Jan. 20, 2003                                                         Contact:Lucas Hamilton

Montana Residents Urged to Double-Check Their Coverage During Get Smart About Insurance Week Survey shows uncertainty among policy holders

       Helena, Mont. - Although most Americans feel they have about the right amount of insurance coverage (67 percent), only 34 percent say they understand the details of the coverage "very well," according to a recent survey by the National Association of Insurance Commissioners (NAIC).
      When it comes to insurance, knowledge is your best policy. That's why the Montana Insurance Department in the State Auditor's Office is encouraging consumers to get smart about their coverage during the second annual Get Smart About Insurance Week, Jan. 20-24, 2003.
      During this week, consumers are urged to call the Get Smart Hotline
      toll-free at 1-866-SMARTWEEK or visit www.naic.org/gsw to request a free brochure and get information on what they need and should expect from insurance coverage. Also available on the NAIC Web site is an interactive quiz allowing visitors to gauge their level of "insurance smarts."
      "Get Smart About Insurance Week isn't about selling or canceling policies,"
      said State Auditor John Morrison, who serves as Montana's Insurance Commissioner. "It's about making sure your family is properly covered. We believe the Montana Insurance Department is the best resource for insurance-related questions and concerns.
      "As demonstrated by the survey results," Morrison said, "last year's Get Smart About Insurance Week raised awareness among consumers and helped connect them with their agents and our insurance department for information about their coverage."
      The 34 percent of Americans who understand their policy very well represents a rise of six percentage points from last year's survey.
      Survey finds peace of mind, but gaps
      To gauge Americans' understanding and perceptions of their insurance coverage, national research company OCR International conducted a telephone survey of 1,025 adults. Respondents were asked a range of questions based on the various types of insurance coverage they may have, including life, home, auto, health, personal liability, disability and others.
       The youngest adults (age 18 to 24) are the least likely to understand the details of their insurance "very well" (15 percent). Understanding increases among the
      most experienced consumers (age 65+) to 50 percent.
       "We're glad to see understanding is on the rise," Morrison said. "However, it's still troubling that while two-thirds of adults feel they have the right amount of insurance, only one-third seem to fully understand what they have."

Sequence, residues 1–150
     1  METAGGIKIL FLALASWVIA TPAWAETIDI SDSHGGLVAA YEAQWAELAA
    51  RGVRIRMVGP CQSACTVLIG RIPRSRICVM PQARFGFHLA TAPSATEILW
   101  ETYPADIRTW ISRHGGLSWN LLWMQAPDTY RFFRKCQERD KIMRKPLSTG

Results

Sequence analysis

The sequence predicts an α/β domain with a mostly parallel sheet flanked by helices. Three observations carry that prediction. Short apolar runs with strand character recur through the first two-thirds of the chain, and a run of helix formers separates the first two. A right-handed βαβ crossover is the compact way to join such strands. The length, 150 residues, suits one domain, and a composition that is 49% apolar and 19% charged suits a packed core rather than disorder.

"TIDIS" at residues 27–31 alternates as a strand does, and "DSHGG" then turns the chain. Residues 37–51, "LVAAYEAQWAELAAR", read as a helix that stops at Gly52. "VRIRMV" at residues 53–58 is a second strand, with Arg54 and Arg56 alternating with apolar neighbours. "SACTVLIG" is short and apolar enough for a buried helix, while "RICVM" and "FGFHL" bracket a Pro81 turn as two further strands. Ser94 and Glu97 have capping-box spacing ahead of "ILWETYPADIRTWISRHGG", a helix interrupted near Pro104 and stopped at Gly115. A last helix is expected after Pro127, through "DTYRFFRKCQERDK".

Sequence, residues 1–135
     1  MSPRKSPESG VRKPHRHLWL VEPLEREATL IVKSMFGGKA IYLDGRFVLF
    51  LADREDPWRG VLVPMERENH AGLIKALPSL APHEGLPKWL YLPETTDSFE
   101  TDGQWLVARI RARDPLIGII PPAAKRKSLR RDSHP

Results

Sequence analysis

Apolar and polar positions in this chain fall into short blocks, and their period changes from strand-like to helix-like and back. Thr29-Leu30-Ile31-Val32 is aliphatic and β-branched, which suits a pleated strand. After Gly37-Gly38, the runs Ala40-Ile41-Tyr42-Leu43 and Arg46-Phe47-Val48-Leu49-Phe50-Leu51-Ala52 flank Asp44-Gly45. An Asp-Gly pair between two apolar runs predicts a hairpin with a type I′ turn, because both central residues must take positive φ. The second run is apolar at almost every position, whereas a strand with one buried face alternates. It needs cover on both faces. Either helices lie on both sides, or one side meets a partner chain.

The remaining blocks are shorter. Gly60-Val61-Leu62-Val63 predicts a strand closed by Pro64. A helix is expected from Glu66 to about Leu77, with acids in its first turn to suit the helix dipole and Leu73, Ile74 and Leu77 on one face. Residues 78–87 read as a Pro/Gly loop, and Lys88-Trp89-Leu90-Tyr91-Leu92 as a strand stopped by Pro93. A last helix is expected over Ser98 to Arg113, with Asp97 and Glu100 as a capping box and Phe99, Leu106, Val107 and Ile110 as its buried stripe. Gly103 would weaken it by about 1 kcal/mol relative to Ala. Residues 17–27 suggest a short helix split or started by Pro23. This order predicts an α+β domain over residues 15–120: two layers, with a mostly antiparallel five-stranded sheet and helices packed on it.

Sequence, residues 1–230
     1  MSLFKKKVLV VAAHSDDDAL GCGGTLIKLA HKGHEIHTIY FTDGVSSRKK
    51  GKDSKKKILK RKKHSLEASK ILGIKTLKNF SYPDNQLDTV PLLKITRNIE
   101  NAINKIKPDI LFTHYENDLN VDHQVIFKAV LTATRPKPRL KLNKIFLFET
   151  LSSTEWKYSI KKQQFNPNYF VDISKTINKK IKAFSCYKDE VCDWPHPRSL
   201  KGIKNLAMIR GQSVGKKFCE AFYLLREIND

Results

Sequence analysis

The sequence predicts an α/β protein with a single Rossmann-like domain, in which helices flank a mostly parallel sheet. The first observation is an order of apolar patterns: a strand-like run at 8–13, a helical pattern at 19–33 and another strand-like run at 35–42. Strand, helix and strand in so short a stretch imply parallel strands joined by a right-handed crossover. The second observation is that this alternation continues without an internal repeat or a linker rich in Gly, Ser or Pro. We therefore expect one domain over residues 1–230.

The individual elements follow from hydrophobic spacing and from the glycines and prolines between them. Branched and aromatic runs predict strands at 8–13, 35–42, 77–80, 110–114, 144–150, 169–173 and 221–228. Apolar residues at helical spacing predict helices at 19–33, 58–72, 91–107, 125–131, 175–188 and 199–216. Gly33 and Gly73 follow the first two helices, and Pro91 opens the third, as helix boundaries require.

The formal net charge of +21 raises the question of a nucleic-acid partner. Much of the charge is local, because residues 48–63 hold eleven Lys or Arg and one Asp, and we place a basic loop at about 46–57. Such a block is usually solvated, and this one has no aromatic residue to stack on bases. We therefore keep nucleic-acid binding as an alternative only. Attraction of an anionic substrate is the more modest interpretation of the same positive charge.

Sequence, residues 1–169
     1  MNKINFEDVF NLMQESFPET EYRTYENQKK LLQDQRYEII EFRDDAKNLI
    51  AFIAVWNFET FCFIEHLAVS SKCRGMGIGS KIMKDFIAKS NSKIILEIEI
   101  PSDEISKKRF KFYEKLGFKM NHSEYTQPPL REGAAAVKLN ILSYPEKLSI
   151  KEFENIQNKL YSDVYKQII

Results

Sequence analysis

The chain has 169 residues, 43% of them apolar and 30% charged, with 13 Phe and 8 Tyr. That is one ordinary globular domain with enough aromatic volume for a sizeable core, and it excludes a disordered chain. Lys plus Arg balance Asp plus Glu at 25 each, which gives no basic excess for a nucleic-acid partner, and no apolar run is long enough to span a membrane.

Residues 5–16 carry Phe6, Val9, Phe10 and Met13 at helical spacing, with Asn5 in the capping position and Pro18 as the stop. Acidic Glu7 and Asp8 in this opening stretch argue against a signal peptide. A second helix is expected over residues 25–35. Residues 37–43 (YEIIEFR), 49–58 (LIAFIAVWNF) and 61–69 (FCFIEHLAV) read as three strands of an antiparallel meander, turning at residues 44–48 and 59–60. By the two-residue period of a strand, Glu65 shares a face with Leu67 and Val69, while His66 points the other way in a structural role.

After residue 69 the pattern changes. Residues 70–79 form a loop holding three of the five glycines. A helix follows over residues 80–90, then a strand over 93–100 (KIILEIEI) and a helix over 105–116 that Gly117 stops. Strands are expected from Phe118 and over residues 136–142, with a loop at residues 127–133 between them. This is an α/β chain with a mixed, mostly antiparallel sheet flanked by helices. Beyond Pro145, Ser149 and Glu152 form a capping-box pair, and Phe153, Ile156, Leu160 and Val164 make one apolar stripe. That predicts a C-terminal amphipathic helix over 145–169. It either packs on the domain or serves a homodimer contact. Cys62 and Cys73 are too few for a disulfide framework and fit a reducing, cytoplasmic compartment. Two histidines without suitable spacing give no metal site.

A little more than one-fifth of the public recognized they have too little insurance (22 percent). This number jumps to 33 percent in households with less than $15,000 annual income. It drops to 18 percent in households with incomes of $50,000 or more. People age 65 and older are most likely to feel they have the right amount of coverage (81 percent).
      Nine out of ten people surveyed who have insurance agreed with the statement
      "A primary benefit I get from having insurance is peace of mind." However, the number who strongly agreed with that statement dropped to 56 percent from 66 percent in 2001.
       "It appears peace of mind may be harder to come by in the post-9/11 environment," Morrison said.
      As families grow, the survey showed, more than half of parents do not add additional life insurance, either for themselves or a newborn. Just 20 percent added additional life insurance on either of the parents and only 25 percent added coverage for a child. A mere 10 percent did both.
       When it comes to retirement planning, slightly more than half of adults age 50 to 64 have incorporated life insurance into their retirement planning (53 percent). This drops to 38 percent among adults age 65 and older.
      How consumers can "get smart?"
       According to Morrison, there are several steps consumers can take to get smart about their insurance coverage.
      "We recommend consumers know what kind of coverage they need before they shop around," Morrison said.
      Other recommendations from the Montana Insurance Department include:

  • Check with the Montana Insurance Department at 1-800-332-6148 for tips and up-to-date information prior to buying health, life, auto, home or other insurance coverage.
  • Schedule a routine "check-up" with your insurance providers at least once a year.
  • Inquire about the cost benefit of opting for higher deductibles.
  • Ask specifically about discounts for good driving records, good health, good grades, special education or training.
  • Shop around for identical products and services. Not every company charges the same rate.
  • Remember an insurance policy is a legal document. Read it carefully.
      "The Montana Insurance Department is a terrific source of unbiased information," Morrison said. "You may not have the coverage you need. You may have more than you need. You may feel you've been treated unfairly when shopping for insurance, or you may just want help understanding how different kinds of insurance work. No matter what your situation is, we are there to help you get smart about insurance."